By Martyn Ruks
Even in 2015, if you talk to security people about cyber skills in the UK (and indeed further afield), they will undoubtedly tell you the following:
This is a big problem as in this complex and interconnected world, we will increasingly depend on people with the right skills and aptitude to protect governments, businesses and critical infrastructure.
And the impetus is growing rapidly. In the past two years, there has been an explosion in the number of damaging and highly-visible system compromises. If you're reading this, I hardly need to mention who.
To those of us within the industry, these events have come as no
So why is this happening?
When we start to analyse the reasons behind why these events occur, we always come back to a single problem - a broad lack of cyber skills.
And whilst this post won't discuss
this in detail, one thing that most agree on is that both industry and government should be focusing
on developing these people who can prevent the compromises of tomorrow.
Despite my earlier point about the shortfall in British talent, we are
still a world leader in security, possessing some of the brightest minds
in the field. So on the industry side of things, my view is this -
we need to take advantage of our experience and specialism in a way that will benefit as many others as possible.
So what do we mean by that? If a single company like MWR can equip people with
the right approach and attitude for solving the difficult problems as well as
inspiring them to go on and teach others what they have learned - then, through the "multiplication factor" effect, we can
amplify our efforts and increase our influence.
I hope that doesn't seem like an oversimplification - we certainly don’t underestimate the scale of the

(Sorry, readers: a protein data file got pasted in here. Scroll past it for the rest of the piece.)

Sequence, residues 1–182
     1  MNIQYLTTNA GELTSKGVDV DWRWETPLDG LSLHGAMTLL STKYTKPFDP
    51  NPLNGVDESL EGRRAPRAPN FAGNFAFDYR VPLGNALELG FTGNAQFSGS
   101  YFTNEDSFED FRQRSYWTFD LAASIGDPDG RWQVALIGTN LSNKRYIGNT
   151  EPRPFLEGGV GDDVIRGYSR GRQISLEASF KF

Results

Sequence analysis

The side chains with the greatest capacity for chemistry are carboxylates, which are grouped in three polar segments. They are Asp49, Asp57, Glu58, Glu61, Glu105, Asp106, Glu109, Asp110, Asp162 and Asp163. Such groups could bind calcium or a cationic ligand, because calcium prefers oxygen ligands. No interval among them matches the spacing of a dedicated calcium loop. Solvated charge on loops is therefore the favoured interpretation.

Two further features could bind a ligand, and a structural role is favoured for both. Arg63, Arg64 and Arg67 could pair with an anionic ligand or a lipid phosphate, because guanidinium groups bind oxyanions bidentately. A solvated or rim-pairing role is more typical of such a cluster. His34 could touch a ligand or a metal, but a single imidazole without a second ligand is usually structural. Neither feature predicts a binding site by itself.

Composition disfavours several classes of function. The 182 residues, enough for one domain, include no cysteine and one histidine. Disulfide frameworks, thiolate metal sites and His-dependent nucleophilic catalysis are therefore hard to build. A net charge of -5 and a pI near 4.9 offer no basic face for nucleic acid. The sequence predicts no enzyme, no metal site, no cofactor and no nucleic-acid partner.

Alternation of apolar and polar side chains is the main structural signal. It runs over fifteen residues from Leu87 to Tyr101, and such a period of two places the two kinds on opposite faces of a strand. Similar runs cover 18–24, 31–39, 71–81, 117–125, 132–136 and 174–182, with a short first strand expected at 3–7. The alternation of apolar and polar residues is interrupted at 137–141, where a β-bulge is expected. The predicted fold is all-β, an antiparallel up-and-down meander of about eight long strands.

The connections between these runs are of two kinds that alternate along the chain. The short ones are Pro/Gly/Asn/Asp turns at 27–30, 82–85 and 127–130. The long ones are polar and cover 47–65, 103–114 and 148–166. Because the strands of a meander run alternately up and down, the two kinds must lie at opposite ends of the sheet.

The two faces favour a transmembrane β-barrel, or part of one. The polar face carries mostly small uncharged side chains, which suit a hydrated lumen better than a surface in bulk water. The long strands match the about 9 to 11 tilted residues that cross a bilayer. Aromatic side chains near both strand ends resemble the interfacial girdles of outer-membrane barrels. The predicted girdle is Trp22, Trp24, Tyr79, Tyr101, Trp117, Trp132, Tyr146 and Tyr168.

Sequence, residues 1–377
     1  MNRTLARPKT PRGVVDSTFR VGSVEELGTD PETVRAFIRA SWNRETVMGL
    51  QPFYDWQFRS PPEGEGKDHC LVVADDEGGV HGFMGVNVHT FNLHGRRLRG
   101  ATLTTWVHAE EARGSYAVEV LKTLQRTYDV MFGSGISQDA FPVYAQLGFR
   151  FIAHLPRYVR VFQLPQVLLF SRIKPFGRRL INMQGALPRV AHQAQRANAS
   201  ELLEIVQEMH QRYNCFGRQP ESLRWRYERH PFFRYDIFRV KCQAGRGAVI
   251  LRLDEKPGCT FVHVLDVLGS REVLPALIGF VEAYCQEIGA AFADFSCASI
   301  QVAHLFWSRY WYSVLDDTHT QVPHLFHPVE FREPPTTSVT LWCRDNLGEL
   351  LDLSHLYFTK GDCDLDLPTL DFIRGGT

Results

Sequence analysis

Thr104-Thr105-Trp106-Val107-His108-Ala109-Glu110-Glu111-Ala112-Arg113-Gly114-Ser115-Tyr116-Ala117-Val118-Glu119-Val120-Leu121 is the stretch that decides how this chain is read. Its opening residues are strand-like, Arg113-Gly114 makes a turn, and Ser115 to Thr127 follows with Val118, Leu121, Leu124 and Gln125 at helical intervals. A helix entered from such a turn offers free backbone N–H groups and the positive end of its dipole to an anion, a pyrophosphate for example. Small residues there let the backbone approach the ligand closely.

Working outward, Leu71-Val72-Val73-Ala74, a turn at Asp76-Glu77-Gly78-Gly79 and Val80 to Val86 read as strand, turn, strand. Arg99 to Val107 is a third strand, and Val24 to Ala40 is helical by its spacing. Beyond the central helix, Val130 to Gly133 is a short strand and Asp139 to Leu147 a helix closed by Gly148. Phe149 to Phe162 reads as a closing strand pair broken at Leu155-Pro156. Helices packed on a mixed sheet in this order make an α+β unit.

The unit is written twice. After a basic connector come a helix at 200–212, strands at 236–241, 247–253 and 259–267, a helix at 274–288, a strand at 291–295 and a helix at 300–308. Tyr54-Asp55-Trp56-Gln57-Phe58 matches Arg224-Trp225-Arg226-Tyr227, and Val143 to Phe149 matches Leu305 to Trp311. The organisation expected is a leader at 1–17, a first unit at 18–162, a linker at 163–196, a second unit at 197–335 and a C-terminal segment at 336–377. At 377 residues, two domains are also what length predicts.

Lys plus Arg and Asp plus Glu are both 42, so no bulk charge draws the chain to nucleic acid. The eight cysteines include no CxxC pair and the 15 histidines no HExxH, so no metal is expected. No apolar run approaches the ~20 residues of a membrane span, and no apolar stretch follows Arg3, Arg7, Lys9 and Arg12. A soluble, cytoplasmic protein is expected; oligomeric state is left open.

challenge. However, what we cannot do is leave the problem for other
people to address.
What sort of skills are needed?
Before we start the process of finding these solutions, it’s also important that we clearly understand what skills we need to pass on to others in order to equip people for the challenges we are facing.
isn’t solely about teaching technical security information, computer science
disciplines, hacking techniques or the use of defensive tools and technologies.
If it was, we could deliver those through professional training
courses, University degrees, industry bodies, security conferences and Capture
the Flag contests.
Make no mistake, all of those have their place but if this
is all we are using to inspire and teach the next generation of Cyber Security
professionals, then we are missing the bigger picture.
Teaching from a textbook can only teach what we know already, whereas the problems we face in the security industry every day need
constantly new approaches and different thinking.
I believe that to thrive in a rapidly-changing environment such as cyber
security, you need to sharpen the creative, problem-solving part of
This is something that we have come to call the "HackFu Mind" - something which will be covered frequently throughout this site and in our later blog posts.
How do you create this mindset?
We've now created a case for a progressive approach to cyber-skills education, but how do we do that in practice?
Well, we believe that the approach needed to develop this mindset should include the following key aspects:
In our opening article we discuss how we see the problem space and what some of the challenges are so given all of that, what are we looking to achieve with this website.
As we said previously we don’t claim to know all the solutions but we are certainly trying things that will enable us to find them. Along the way we’ll learn lots of lessons, we’ll no doubt have a few false starts but we’ll also get some stuff right. It’s that journey that we’re going to share on this site, including all the initiatives and events that we’re planning to run to support it all.
We don’t know yet exactly what will be on this site but the one thing we’re certain of is that it will be thought provoking, philosophical, challenging and most importantly it will be fun and engaging. We’ll get techie at times, something we make no apology for, as well as extracting the concepts and key points that we encounter along the way.
We also want your help on our journey. We want you to tell us your thoughts and experiences of what we’re doing and hopefully some stories about how you’ve taken our ideas and turned them into your own projects, events and general awesomeness. We want to know the good, the bad and the ugly and to get involved please get in contact via Twitter and then keep coming back to this hub for more insight and information.
So hold on tight, this will be a wild ride for all of us.